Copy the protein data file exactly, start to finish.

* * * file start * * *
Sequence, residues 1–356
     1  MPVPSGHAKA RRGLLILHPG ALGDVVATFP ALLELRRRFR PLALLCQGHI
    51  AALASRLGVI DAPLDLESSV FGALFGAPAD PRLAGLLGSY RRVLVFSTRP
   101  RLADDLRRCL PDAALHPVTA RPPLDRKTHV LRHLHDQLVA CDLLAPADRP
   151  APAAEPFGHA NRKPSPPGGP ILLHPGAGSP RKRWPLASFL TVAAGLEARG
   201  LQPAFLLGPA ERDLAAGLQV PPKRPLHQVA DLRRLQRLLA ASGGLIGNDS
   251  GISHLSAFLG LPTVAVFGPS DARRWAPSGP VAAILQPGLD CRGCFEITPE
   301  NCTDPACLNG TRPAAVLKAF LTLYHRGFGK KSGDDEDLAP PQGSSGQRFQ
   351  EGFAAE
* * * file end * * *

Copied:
Sequence, residues 1–356
     1  MPVPSGHAKA RRGLLILHPG ALGDVVATFP ALLELRRRFR PLALLCQGHI
    51  AALASRLGVI DAPLDLESSV FGALFGAPAD PRLAGLLGSY RRVLVFSTRP
   101  RLADDLRRCL PDAALHPVTA RPPLDRKTHV LRHLHDQLVA CDLLAPADRP
   151  APAAEPFGHA NRKPSPPGGP ILLHPGAGSP RKRWPLASFL TVAAGLEARG
   201  LQPAFLLGPA ERDLAAGLQV PPKRPLHQVA DLRRLQRLLA ASGGLIGNDS
   251  GISHLSAFLG LPTVAVFGPS DARRWAPSGP VAAILQPGLD CRGCFEITPE
   301  NCTDPACLNG TRPAAVLKAF LTLYHRGFGK KSGDDEDLAP PQGSSGQRFQ
   351  EGFAAE